Tower defense isn't just for flash games to pick away at when the boss isn't looking. This new genre is exploding all over the videogame scene, leaving plenty of room for developers to come in and refine the formula in their own style. Defense Grid was released a short while back on the PC, where it was loved by people who love downloadable genius, especially those popping up on Steam. Now it's reawakened better and cheaper on XBLA.
The story is understated, but charmingly told through an old British gentleman whose colony had the misfortune of being wiped out by an alien invasion. He survived by being downloaded into computer, and so is there to advise your efforts to drive back this alien menace, with an occasional longing for raspberries.
Defense Grid is a game for a thinking man without too much time on his hands.
The gameplay seems just as understated at first. Each map has a power station full of cores aliens are eager to make off with, a path on which they'll invade, and marked spots where you can place towers to blast them all to smithereens. Things gradually grow more complicated as different alien types appear, and you gain access to different towers to drive them off. A gun tower is a cheap and easy way to expel individual enemies, but it doesn't work well on a pack of the buggers. That's where you're going to need an inferno, or latter on a concussion tower. Many towers to choose from by the end, each with three levels of power to marshal your defense. My favorite wasn't the meteor that dropped flaming rocks from the sky, or the missile tower that obliterated flying enemies. My favorite, the temporal tower, didn't damage them at all. It simply slows down these invaders to a crawl to let the other towers blast them to bits.
Blasting them is the basic way you afford more towers, though you also gain interest on the resources you have left in the bank, meaning more money if you hold off on placing towers until you really need to. You can sell off towers that aren't doing the trick, but as with upgrading, it takes a little time for the old tower to vanish and the new one to appear, and that's time they can't be tearing into aliens. Some levels allow you to place towers directly in the path of your enemies, letting you form mazes of death that delay their trip to your precious cores. Though I wasn't overjoyed when aerial aliens entered the fray, since they follow their own paths, and distract your guns from the guys on the ground.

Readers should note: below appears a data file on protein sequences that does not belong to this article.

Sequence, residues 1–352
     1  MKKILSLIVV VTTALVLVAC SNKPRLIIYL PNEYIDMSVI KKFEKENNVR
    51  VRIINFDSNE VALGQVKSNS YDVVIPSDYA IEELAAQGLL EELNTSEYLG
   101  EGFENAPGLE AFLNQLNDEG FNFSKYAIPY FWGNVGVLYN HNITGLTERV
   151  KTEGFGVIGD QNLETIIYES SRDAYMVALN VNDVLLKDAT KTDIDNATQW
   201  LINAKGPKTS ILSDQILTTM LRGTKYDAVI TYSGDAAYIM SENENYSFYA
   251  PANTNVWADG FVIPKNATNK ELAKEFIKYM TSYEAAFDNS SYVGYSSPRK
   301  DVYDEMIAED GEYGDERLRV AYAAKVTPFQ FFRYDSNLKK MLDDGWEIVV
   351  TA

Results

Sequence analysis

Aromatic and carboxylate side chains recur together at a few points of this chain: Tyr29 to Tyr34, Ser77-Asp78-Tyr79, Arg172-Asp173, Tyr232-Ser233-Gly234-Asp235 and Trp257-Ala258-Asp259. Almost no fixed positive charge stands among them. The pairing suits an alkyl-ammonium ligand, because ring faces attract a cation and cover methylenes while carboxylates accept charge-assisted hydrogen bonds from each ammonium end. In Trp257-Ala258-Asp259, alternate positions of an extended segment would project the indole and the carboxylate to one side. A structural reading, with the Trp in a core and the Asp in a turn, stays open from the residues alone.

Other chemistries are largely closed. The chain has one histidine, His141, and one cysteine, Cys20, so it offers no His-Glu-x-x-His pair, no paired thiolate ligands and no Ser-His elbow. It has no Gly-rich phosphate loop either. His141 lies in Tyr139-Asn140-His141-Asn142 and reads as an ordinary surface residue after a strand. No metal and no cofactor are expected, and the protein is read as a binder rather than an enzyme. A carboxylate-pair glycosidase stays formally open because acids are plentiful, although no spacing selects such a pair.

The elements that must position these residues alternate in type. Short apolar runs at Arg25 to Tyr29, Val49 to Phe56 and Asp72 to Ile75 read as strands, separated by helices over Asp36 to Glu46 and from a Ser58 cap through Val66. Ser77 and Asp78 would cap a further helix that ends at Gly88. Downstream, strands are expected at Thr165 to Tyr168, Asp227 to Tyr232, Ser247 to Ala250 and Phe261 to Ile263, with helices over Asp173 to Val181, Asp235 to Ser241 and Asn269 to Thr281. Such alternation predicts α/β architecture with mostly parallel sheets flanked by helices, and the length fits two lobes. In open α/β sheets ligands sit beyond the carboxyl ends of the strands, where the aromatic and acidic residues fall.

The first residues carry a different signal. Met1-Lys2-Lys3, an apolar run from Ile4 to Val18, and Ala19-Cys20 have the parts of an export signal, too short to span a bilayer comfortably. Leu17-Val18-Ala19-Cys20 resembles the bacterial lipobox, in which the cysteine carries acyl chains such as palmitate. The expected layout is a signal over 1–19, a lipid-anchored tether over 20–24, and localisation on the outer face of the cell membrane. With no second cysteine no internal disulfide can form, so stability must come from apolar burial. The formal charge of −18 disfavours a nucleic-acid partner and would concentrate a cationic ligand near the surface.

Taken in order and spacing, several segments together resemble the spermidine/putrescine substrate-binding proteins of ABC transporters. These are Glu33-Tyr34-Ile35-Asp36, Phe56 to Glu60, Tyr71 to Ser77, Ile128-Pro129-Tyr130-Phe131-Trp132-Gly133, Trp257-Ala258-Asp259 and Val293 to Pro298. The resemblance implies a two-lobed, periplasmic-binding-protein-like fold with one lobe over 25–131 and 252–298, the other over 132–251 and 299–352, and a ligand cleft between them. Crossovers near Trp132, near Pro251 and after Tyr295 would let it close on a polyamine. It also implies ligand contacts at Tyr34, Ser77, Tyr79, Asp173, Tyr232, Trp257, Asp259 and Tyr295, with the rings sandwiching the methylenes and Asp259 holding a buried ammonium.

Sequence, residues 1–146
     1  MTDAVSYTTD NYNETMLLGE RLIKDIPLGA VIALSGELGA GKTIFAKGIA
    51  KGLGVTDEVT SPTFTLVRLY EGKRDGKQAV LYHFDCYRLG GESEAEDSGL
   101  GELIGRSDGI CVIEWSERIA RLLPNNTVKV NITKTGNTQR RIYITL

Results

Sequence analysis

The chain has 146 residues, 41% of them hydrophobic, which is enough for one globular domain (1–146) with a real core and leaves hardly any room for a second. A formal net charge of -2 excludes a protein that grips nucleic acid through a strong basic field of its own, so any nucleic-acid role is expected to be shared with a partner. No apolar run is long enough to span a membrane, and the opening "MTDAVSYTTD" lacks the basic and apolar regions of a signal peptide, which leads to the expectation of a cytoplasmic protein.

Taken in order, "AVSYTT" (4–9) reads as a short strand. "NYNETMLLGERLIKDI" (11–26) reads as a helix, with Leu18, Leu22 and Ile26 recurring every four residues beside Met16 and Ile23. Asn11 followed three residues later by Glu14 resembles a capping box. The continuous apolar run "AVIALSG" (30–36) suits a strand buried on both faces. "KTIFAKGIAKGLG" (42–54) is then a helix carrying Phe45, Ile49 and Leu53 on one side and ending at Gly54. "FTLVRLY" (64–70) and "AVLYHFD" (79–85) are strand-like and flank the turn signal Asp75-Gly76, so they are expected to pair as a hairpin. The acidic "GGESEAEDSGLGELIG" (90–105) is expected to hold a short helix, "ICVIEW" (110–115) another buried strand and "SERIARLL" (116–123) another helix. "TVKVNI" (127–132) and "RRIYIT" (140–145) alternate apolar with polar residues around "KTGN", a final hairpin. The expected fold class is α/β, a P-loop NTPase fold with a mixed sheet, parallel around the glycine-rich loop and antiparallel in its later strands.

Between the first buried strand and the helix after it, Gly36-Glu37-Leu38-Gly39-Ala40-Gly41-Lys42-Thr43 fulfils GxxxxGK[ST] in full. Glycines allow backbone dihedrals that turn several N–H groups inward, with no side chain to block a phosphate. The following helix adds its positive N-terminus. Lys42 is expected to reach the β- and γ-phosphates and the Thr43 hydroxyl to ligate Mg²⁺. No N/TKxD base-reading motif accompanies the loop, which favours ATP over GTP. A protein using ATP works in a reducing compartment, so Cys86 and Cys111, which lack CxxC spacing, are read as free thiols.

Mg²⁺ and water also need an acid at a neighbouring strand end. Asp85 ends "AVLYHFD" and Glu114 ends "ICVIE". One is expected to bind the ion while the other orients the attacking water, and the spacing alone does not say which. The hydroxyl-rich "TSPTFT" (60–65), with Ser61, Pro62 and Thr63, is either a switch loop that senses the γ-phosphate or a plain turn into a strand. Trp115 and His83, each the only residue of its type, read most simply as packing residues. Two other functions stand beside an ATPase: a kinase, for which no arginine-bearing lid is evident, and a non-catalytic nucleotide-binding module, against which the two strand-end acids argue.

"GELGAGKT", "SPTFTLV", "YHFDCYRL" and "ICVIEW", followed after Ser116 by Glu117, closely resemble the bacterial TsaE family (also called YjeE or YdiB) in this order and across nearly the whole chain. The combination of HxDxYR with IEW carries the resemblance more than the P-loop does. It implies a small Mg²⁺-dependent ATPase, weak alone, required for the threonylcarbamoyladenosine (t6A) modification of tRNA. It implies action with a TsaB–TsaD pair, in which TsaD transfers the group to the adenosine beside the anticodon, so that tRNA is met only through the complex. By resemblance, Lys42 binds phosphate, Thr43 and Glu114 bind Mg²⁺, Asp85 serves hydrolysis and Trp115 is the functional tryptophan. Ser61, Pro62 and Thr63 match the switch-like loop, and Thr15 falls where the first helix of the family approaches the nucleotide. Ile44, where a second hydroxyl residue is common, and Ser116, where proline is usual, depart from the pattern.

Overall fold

Controls make it a breeze to place, upgrade, and sell off towers. Same with checking the health and stats of current enemies, with a scrolling preview of the types of foes you're about to face. If you've already got a perfect setup, you can speed things up with the fast forward button, and then hit the back button to instantly revert back to your last checkpoint when you realize it was far from ideal. This keeps the challenge high, while reducing the player's frustration to virtually nil. Getting good will earn you a gold medal and a high spot on the online leaderboards, as well as unlocking several variations of the last mission. There's a lot of content here for a ten spot, sure to last at least ten solid hours.
There are a few small annoyances though. Levels are unlocked in a strictly linear fashion until pretty near to the end, so if you're stuck or just don't feel like playing the current mission, you can't just skip ahead and come back to it later. While the design of these futuristic landscapes is detailed and excellent, the towers themselves can look a bit too similar, sometimes making it hard to remember which one you need to upgrade before the next wave hits. Too many waves and towers filling the screen can sometimes cause the framerate to chug, but this is really only an issue on the last and longest missions. A map editor would have been nice, but a little too much to expect at this price.
Defense Grid is a game for a thinking man without too much time on his hands. Each mission is relatively short and sprinkled with checkpoints, which can be saved and returned to later. Undoing your mistakes is quick and effortless, while maps that seem impossible at first glance prove a delight if you only take them one tower at a time.